Why is GetWindowLongPtr returning a garbage value on 64-bit Windows?

A customer was running into problems with their application on 64-bit Windows 8. They claimed that on Windows 8, the Get­Window­Long­Ptr is returning a garbage pointer, which causes their program to crash. The same program works fine on 64-bit Windows 7. They asked the Windows team why they broke Get­Window­Long­Ptr.

An investigation of the customer's code quickly turned up the issue:

INT_PTR CALLBACK AwesomeDialogProc(
    HWND hdlg, UINT uMsg, WPARAM wParam, LPARAM lParam)
  Awesome *pThis = (Awesome*)GetWindowLongPtr(hdlg, DWLP_USER);

  switch (uMsg) {
    pThis = (Awesome*)lParam;
    SetWindowLongPtr(hdlg, DWLP_USER, (LONG)pThis);
    return TRUE;

   case WM_COMMAND:
     if (pThis != nullptr) {
       // This line crashes with pThis = garbage nonzero value
       return pThis->OnCommand(wParam, lParam);
     return FALSE;

  return FALSE;

See if you can spot the problem.

The error is in the line that calls Set­Window­Long­Ptr. It takes the 64-bit pointer value pThis and casts it to a LONG, which is a 32-bit integer type. This truncates the pointer and throws away the upper 32 bits of data. Therefore, when read back, the pointer looks like garbage because the top 32 bits were set to zero (or to 0xFFFFFFFF, depending on the value of bit 31).

Windows 8 made some improvements to the memory manager, and a side effect was a seemingly harmless change to the way memory is allocated in 64-bit processes. As a result of the change, pointer values greater than 4GB are much more common, which means that the pointer truncation will actually destroy data. (In Windows 7, the default heap tended to hang out below the 2GB boundary, so the code merely truncated zeros, which is mostly harmless.)

What I found particularly interesting about this error is that the DWL_USER window long was specifically renamed to DWLP_USER in 64-bit Windows in order to force a build break. Therefore, developers had to go in and convert each separate use of [GS]et­Window­Long with DWL_USER to a version that used [GS]et­Window­Long­Ptr with DWLP_USER, being careful not to truncate the pointer.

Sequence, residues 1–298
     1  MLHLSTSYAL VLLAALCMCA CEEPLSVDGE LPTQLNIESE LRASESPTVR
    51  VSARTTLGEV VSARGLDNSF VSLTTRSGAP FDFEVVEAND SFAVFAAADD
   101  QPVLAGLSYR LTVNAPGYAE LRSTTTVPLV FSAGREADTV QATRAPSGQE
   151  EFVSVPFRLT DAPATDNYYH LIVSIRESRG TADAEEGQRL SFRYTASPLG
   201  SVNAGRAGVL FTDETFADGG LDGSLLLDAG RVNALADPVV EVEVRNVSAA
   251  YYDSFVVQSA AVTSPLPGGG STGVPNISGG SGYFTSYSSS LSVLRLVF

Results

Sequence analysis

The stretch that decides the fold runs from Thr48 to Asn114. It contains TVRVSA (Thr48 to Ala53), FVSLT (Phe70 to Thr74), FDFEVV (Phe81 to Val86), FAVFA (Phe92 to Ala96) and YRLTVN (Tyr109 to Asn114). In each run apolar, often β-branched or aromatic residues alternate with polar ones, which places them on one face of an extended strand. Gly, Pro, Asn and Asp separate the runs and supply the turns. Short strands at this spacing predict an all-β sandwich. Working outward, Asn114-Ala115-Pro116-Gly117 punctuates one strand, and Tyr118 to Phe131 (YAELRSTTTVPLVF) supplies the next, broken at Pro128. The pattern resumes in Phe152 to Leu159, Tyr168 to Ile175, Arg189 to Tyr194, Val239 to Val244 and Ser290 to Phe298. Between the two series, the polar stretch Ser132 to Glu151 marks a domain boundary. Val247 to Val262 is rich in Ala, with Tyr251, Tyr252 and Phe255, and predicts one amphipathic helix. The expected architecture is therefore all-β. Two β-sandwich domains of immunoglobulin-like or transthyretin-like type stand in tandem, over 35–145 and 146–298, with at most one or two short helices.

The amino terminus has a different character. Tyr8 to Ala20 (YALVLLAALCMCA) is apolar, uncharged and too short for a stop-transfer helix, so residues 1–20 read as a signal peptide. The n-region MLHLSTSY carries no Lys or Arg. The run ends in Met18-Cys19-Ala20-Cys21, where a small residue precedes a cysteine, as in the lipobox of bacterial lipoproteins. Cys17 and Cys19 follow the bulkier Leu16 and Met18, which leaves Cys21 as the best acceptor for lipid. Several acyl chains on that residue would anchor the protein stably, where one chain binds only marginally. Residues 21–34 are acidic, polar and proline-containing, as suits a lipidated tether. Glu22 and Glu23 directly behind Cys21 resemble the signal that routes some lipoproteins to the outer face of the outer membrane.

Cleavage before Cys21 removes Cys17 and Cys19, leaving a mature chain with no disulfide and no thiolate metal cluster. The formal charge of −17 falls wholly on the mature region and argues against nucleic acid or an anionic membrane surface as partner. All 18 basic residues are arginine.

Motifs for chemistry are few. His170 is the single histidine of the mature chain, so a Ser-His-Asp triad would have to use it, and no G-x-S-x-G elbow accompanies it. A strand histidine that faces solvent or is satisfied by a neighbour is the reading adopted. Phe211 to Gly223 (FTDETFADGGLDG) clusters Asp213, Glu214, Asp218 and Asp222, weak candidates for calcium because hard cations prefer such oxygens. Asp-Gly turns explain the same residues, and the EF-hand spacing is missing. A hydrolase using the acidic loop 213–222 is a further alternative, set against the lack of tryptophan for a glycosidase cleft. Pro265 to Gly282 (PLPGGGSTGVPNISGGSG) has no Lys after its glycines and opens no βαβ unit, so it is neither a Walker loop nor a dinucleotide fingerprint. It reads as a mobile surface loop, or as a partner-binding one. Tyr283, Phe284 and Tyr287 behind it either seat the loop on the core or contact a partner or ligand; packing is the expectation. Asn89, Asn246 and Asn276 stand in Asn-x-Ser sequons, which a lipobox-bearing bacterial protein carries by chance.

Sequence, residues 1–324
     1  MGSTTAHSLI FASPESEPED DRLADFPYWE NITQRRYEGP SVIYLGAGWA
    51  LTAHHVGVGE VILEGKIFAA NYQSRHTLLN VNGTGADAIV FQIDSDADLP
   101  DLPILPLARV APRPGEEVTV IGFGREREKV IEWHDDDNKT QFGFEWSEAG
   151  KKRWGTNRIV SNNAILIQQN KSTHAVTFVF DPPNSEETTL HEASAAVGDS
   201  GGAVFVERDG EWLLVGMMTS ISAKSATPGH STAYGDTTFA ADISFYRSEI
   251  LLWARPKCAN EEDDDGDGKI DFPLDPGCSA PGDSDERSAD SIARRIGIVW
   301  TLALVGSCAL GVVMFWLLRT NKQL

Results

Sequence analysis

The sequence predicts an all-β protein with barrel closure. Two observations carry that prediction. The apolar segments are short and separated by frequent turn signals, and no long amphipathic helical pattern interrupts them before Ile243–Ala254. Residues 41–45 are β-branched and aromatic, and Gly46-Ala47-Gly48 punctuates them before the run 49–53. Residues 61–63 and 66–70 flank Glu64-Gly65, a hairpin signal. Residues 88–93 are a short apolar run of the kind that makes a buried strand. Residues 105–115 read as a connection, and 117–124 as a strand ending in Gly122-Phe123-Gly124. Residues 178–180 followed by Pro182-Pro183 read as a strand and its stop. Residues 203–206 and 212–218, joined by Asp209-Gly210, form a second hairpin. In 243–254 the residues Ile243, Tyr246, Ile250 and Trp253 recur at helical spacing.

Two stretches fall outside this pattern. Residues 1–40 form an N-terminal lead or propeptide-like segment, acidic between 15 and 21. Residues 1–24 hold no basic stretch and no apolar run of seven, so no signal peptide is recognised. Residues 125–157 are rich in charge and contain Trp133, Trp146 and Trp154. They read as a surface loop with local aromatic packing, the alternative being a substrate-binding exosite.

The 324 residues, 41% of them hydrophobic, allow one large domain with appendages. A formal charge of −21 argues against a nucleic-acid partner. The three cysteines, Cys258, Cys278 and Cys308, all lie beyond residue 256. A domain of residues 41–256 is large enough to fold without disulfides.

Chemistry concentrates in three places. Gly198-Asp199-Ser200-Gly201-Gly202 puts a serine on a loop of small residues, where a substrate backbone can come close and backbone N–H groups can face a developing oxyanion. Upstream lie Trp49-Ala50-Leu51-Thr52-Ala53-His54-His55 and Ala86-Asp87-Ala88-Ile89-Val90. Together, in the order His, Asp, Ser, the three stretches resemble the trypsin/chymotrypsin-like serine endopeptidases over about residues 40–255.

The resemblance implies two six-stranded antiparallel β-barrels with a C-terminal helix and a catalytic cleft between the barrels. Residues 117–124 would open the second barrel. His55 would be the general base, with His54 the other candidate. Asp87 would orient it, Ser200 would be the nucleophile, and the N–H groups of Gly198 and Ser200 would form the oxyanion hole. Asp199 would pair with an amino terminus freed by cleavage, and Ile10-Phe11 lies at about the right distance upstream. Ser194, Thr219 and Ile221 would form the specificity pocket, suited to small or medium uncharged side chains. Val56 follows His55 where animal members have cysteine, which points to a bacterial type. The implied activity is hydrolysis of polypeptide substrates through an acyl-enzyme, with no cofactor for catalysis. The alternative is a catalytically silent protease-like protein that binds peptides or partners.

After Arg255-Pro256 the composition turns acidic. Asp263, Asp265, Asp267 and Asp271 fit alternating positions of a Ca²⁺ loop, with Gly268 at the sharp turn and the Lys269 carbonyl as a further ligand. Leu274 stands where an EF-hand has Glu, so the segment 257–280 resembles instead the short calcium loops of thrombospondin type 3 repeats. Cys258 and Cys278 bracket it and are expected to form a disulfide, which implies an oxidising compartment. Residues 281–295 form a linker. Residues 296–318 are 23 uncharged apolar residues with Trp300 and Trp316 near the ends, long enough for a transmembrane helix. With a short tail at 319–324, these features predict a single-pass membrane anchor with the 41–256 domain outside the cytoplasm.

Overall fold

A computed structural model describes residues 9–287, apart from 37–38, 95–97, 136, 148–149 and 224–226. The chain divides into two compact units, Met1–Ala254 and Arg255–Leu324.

This customer missed that last little bit about not truncating the pointer, and all they did was a global search/replace:


"There, I fixed it."

Comments (33)
  1. TRWTF is that a pointer is longer than a "LONG".

  2. Gabe says:

    I like how their first instinct is to assume that the Windows team made a gratuitous breaking change in a trivial OS function, rather than to consider what might be wrong with their product.

  3. John D says:

    What, no compiler truncation warning on the SetWindowLongPtr(hdlg, DWLP_USER, (LONG)pThis) cast to LONG ?  Don't ignore warnings.

  4. alegr1 says:

    >What, no compiler truncation warning on the SetWindowLongPtr(hdlg, DWLP_USER, (LONG)pThis) cast to LONG ?

    The 64 bit truncation warning was removed from recent compilers.

  5. Hi. The post's main subject was crystal clear but there are a couple of things I didn't quite understand. First, I don't get the meaning of the hyperlinks on "mostly harmless" and "There, I fixed it". Second, what's TRWTF? (Does it have anything to do with … you know, its last three letters?)

    {The first two should be self-explanatory. One is a link to a book titled "Mostly Harmless." Another is a link to a photo blog called "There, I fixed it." TRWTF is explained in Urban Dictionary, popularized by the Daily WTF blog I link to in my blogroll. I'm wondering if I'm being trolled… -Raymond]
  6. Ben Craig says:

    alegr1: Only sort of true


    In Visual Studio 2005, you could set /Wp64 for your 64-bit builds, and get great truncation warnings, with a very low false positive rate.

    In Visual Studios 2008, 2010, and 2012, you could set /Wp64 for your 64-bit build and get great truncation warnings, but you had to tolerate a "command line warning" for every translation unit, warning that the flag was deprecated.